It's that time of year! Maybe you are already gathering documents and determining what you owe – and, more importantly, what you can deduct. Maybe you are more of a last minute person. Either way, here is some help for preparing your 2014 tax returns, including five tax changes to anticipate in 2015:
1. Increase to The Standard Deduction
The standard deduction for 2015 will increase $100 for single filers and $200 for married couples who file jointly. For the 2015 tax year, it goes up to $6,300 and $12,600, respectively.
2. IRA Rollovers Limited
With an IRA rollover, you can take money from an individual retirement account and put it into either another IRA or back into the same account. If the money is deposited back within 60 days, the process is tax-free. These withdrawals are commonly used as short-term personal loans, without any interest or tax consequences. In the 2015 tax year, you will be able to take just one rollover every 12 months, starting from the date of the rollover. Direct transfers aren’t affected by this rule, so IRA holders can move their savings straight from account to account as many times as they like.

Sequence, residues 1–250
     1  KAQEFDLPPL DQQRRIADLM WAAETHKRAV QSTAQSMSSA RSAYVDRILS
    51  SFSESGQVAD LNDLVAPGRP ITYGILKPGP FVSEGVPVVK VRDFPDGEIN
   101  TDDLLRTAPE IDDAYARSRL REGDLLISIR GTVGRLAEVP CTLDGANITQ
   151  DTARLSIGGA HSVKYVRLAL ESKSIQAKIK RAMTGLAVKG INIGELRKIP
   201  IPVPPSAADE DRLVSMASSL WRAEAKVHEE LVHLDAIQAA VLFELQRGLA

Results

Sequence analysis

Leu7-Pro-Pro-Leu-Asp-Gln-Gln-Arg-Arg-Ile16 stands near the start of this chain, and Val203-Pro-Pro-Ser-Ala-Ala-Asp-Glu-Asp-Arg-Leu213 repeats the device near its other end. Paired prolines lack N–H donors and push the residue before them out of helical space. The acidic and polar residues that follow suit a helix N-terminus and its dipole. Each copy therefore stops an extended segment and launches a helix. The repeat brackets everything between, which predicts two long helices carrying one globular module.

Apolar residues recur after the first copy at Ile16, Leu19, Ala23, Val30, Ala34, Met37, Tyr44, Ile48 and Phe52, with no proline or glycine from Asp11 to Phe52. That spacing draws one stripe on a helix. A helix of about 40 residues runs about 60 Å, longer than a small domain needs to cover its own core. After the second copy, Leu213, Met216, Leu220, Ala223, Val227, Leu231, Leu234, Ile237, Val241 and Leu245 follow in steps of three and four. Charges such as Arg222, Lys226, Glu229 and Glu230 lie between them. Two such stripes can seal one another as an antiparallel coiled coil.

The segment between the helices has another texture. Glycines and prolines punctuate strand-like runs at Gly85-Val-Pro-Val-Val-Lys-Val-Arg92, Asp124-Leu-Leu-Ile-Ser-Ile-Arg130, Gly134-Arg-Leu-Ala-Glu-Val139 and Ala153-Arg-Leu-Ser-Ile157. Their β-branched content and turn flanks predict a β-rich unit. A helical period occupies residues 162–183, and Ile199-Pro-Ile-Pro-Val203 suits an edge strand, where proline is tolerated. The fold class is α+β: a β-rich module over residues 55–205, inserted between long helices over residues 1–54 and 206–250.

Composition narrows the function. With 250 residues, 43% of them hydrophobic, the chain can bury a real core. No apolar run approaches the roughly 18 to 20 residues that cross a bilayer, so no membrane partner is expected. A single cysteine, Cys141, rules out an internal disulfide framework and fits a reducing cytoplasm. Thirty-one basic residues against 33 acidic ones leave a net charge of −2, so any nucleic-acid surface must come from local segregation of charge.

3. Adjustments to Tax Brackets
Income tax benchmarks for 2015 have been adjusted for inflation. For example, married couples filing jointly with a 2014 household income of under $18,150 will qualify for a 10 percent tax rate when they file their 2014 returns. For the 2015 tax year, the tax bracket will rise to $18,450.
4. Increase to 401(k) Contributions
Employees under age 50 can contribute a maximum annual amount of $17,500 to a 401(k) or 403(b) retirement savings account for the 2014 tax year. Workers over age 50 can contribute an additional $5,500 or a maximum of $23,000. In the 2015 tax year, those annual limits rise $500 to $18,000 – with an additional $6,000 contribution for workers over 50.
5. Changes to Flexible Spending Accounts (FSA)
If you use an employee-sponsored flexible spending account (FSA) for setting aside pretax money to pay for certain medical and care expenses, the maximum amount you could contribute in 2014 was $2,500. For the 2015 tax year, it has gone up $50 for a total $2,550.
There’s also been a change in rollovers for FSAs. Starting in 2013, over $500 of a previous year’s FSA could be rolled into the next year. However, beginning in 2015, if you carry more than $500 of an FSA into the next year, you become ineligible to participate in a general services Health Savings Account (HSA).